34th Sunday of Ordinary Time (Christ the King):
Today is the feast of Christ the King. This is the last Sunday of Ordinary Time. This feast of Christ the King reminds us that Christ, by his death and resurrection, has been seated on the throne of heaven, where he has already begun to reign. Still, we await his coming when his Kingdom will have no end: long live Christ the King.
Royalty has been in the news this week. England's Prince William got engaged to Kate Middleton. I was struck by radical difference between human royalty and the royalty of Christ. We know that the royal family of England is mostly symbolic. They are a remnant of the days when Kings and Queens ruled. All that is left, it seems to me, are the palaces. When we see the clips of the engagement announcement we see glitz and glamour. But, there is no substance there. The height of human royalty, it seems to me, has boiled down to flashy clothes, expensive jewelry, extensive paparazzi, but what else? There is certainly no salvation from the royal family of England.
How much different is Christ! Today is the feast of Christ the King where we remember Christ in all his glory, but which Gospel does the Church give us to shed light on this mystery? Today we hear the gospel of the crucifixion. The cross is a contradiction. On the cross we see the Lord of life, dead. But, what a contrast with the notion of human royalty! With Prince William we see glitz and glamour, with Christ we see blood and nails. The kings of this world have costly garments, the King of the world to come was stripped bare. The kings of this world are crowned with gold and jewels, the King of the world to come was crowned with thorns. The kings of this world used to wield power through force of armies, the king of the world to come wielded power through self-sacrifice. The kings of this world dine in costly banquet halls and eat sumptuous meals, the King of the world to come poured himself out as food and drink for all of us. The kings of this world are seated on thrones of marble or gold, Christ, the king of the world to come was seated upon the throne of the cross. We could go on and on, but I think we see the point. There is a radical difference in the royalty of Christ.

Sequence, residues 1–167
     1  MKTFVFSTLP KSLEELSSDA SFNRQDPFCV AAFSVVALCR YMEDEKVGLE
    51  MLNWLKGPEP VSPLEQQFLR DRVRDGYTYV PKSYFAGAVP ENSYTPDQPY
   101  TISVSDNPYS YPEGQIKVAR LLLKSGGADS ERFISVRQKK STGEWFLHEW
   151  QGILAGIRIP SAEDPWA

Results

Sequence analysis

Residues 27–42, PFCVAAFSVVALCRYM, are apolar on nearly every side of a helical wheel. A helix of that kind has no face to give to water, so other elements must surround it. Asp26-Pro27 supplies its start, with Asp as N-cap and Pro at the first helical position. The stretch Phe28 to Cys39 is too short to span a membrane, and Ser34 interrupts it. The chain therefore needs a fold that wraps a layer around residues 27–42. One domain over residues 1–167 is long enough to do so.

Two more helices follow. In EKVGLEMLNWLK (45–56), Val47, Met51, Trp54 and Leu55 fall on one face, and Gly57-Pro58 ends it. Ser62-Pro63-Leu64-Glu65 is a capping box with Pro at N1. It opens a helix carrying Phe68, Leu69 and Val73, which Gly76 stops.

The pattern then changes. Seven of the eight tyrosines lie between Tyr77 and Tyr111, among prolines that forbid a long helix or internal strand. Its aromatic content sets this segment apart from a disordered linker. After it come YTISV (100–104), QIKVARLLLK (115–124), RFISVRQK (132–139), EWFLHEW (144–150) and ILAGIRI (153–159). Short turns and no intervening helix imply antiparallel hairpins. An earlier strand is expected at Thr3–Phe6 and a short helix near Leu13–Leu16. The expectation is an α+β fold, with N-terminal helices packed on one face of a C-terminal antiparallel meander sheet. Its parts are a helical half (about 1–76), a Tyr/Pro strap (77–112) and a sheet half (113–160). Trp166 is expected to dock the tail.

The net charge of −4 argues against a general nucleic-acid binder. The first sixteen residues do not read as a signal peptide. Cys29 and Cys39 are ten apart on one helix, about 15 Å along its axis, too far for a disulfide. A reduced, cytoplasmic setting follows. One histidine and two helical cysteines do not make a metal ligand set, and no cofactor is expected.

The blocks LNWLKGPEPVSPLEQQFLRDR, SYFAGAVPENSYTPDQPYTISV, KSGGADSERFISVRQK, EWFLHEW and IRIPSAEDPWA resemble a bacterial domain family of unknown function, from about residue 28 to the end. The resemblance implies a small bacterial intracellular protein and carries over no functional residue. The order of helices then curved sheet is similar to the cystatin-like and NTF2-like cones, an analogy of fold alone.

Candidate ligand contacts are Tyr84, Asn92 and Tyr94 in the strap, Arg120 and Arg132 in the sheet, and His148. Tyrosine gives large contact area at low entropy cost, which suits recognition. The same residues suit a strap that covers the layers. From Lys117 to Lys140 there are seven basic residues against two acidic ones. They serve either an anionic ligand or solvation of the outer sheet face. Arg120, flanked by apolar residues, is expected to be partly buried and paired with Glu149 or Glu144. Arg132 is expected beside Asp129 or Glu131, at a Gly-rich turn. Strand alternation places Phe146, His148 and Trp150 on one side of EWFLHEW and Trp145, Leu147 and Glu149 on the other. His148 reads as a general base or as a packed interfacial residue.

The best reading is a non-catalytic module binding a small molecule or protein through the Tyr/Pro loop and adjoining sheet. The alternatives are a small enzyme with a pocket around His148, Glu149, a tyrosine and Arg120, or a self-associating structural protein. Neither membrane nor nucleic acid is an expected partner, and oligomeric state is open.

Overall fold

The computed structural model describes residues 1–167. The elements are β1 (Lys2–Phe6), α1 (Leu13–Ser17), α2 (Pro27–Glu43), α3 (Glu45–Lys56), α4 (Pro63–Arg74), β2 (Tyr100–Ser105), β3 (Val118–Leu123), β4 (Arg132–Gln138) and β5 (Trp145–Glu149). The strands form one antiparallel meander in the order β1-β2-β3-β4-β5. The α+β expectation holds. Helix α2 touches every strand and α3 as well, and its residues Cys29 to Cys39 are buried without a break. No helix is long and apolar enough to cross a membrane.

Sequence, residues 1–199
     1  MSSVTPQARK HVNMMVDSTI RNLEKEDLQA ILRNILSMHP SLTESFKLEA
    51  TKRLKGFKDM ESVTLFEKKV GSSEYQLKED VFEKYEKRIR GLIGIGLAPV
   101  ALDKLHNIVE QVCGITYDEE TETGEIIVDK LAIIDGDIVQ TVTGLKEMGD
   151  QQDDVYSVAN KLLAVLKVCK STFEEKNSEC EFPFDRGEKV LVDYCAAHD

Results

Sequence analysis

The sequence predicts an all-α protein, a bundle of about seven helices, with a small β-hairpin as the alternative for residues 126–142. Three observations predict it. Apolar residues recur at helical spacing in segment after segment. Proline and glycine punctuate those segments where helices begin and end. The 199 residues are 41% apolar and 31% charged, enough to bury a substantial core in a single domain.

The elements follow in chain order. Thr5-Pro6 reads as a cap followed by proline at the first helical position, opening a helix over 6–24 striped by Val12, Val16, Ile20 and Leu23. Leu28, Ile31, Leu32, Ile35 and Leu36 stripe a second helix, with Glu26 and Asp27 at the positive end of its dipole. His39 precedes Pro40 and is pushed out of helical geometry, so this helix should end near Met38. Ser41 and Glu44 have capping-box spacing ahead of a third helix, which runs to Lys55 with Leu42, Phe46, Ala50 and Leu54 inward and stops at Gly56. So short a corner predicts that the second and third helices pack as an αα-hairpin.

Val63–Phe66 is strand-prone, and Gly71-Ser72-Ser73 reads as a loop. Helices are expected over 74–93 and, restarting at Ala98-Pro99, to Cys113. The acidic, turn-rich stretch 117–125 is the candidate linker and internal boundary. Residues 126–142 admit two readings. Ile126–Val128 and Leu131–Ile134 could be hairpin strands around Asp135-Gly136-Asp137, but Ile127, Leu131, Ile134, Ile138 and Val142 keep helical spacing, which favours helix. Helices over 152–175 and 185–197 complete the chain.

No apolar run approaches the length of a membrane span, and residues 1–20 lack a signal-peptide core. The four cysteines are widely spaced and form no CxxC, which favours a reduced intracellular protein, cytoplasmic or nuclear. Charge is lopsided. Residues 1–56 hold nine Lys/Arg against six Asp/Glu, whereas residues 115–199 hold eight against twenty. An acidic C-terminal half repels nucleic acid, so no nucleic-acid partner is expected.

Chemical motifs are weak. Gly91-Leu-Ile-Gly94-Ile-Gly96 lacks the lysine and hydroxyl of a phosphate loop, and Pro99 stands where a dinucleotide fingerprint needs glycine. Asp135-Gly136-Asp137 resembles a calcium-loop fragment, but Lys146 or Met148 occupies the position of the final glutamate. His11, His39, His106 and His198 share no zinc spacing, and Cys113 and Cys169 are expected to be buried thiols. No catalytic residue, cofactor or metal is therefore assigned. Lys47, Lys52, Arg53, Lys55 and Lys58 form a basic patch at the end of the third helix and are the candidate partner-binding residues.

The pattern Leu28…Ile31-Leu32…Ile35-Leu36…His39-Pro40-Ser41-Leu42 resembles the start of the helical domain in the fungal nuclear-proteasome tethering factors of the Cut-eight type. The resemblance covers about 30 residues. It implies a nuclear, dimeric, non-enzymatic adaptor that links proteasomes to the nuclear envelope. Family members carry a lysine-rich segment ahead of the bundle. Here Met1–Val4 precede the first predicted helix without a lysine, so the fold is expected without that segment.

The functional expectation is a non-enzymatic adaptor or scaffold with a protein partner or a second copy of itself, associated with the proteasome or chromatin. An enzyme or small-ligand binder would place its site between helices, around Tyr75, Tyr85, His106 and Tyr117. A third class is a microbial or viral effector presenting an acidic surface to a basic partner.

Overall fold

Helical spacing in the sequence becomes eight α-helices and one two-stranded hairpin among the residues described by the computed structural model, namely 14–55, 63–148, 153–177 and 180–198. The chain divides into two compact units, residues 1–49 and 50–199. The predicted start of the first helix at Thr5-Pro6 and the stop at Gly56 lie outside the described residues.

I'm being a little too harsh on human kings. People turned to kings, and we to our governments today, for peace and security. We hear that the people of Jerusalem went down to King David and begged him to be their king. There is a great desire in the human heart for peace and security. And while we are here in this fallen world, we strive to find that peace and security, and we should. However, we realize that this longing of every human being will never be perfectly fulfilled in this world, which is why we await the coming of Christ our King. True peace and lasting security are only to be found in Christ. He is not the king of our own choosing, we never would have imagined a king who suffered on the Cross. But, it was through this suffering, this self-sacrifice, that Christ defeated sin and death, the two greatest opponents of peace and security.
The feast of Christ the king is an important reminder for each of us. We long for peace, but we will only find it in Christ. We will not find salvation in glitz or glamour, we will not find it in palaces or in the White House, salvation does not come from armies and power; salvation comes from Christ seated on the throne of the Cross. Like the people who went up to King David, let's approach Christ the King, let's ask him to be our King. Let's ask him to lead us and to guide us into the peace and security we long for. At every Mass we pray for the coming of God's kingdom. Every Mass is like a journey to the throne of God where we ask him to be our King: long live Christ the King.